We begin by addressing Appellants' various evidentiary challenges. This Court reviews the district court's rulings on the admissibility of evidence for abuse of discretion. Minter v. Wells Fargo Bank, N.A., 762 F.3d 339, 349 (4th Cir. 2014) (citation omitted).

Appellants first argue that the district court improperly excluded evidence related to the Hope Defendants, the settlement, and their treatment of Woods before November 5, 2010. Appellants contend this evidence is relevant to determining [*10]  causation and the subjective state of mind required for deliberate indifference. However, the district court correctly noted that the central dispute at trial was whether Woods's need for medical treatment over his last weekend of incarceration was obvious to a layperson such that Appellants should have reported his symptoms to medical personnel. Appellants repeatedly testified they had no knowledge of Woods's medical history. Nor did they provide any evidence to suggest they relied on the Hope Defendants' treatment history when they observed and failed to adequately respond to Woods's deteriorating health over the November 5-8 period. Given these considerations, we agree that the Hope Defendants' role or alleged negligence in treating Woods before this period was irrelevant to the deliberate indifference claim. See, e.g., Cooper v. Dyke, 814 F.2d 941, 947 (4th Cir. 1987) (holding that the paramedics' negligence "could not have constituted an 'intervening' cause" where the plaintiff's "claim was based on defendants' deliberate indifference to his . . . suffering after the time of the initial paramedic exam."). Accordingly, the district court did not abuse its discretion in excluding the aforementioned evidence.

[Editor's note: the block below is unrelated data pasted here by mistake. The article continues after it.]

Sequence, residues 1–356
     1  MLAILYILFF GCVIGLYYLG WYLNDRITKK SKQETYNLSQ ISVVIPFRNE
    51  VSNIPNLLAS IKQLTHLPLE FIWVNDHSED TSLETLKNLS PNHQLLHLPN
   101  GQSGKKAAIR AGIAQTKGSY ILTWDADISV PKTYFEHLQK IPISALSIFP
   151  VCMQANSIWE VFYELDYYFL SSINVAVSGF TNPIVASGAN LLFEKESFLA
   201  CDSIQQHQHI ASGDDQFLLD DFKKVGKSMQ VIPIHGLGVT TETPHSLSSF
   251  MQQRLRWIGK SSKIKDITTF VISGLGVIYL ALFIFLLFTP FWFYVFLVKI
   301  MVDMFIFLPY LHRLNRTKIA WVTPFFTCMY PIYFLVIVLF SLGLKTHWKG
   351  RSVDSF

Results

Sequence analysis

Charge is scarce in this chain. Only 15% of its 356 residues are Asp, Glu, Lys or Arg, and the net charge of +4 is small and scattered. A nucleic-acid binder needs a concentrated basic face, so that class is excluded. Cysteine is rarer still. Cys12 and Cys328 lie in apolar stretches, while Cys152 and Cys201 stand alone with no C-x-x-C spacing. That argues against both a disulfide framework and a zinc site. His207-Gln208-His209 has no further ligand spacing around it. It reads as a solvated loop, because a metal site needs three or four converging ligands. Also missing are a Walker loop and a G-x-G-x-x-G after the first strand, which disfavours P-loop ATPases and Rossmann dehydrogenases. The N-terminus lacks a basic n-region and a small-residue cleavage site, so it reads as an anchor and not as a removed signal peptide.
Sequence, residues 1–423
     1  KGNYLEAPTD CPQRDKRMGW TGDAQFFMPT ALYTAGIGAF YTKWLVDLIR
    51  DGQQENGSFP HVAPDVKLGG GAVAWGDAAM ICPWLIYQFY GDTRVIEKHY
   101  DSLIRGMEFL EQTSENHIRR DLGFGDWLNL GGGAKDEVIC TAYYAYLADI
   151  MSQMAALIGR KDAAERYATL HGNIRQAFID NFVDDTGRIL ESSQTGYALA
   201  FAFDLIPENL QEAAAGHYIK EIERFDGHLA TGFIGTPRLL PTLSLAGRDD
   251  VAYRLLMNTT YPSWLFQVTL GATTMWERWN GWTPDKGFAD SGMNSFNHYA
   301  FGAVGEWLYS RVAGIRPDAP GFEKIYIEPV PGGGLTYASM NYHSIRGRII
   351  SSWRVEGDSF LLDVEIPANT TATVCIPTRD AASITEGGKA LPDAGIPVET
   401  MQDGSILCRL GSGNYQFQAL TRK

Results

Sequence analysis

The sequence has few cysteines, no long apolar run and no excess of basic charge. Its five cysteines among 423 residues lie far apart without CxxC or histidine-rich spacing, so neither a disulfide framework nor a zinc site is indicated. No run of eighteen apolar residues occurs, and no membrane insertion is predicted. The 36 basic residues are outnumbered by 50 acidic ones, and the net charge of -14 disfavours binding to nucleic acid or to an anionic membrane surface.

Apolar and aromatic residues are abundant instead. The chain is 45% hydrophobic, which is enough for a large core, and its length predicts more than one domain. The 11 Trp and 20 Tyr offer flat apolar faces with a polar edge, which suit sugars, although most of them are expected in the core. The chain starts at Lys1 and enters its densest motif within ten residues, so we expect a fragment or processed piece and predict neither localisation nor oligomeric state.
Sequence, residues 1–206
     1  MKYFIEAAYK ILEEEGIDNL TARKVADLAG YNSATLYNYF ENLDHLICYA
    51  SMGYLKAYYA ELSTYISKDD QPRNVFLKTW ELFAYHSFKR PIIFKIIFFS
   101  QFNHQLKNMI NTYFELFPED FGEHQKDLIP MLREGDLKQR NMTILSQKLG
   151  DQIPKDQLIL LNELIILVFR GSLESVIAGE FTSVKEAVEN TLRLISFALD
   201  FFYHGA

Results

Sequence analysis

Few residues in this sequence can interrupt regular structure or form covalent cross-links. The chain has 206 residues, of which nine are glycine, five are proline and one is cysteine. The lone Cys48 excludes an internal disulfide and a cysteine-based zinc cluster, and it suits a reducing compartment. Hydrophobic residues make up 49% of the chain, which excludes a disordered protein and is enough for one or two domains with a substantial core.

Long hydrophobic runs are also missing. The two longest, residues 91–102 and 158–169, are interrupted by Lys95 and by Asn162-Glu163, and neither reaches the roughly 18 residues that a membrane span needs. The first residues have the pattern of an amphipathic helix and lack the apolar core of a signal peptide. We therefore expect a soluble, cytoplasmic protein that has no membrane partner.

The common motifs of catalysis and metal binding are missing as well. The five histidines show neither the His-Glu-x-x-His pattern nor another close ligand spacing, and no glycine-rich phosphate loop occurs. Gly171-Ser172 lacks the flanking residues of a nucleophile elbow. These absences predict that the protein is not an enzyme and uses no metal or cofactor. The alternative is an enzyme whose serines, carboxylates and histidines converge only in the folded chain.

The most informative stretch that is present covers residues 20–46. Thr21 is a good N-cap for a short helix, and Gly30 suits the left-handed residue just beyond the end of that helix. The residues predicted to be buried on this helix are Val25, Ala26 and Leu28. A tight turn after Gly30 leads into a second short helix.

Appellants also contend [*11]  that the district court improperly excluded evidence of Woods's alcohol and drug use as well as its impact on his medical condition. However, Appellants provide nothing but mere speculation when they argue that Woods's use of alcohol and drugs "accelerat[ed]" the deterioration of his health such that "no act or omission by Appellants proximately caused his death." Appellants' Br. 48. Given the likely prejudicial effect of such evidence, and given Appellants' failure to articulate the relevance or probative value of this evidence, we find no abuse of discretion in its exclusion under Federal Rule of Evidence 403.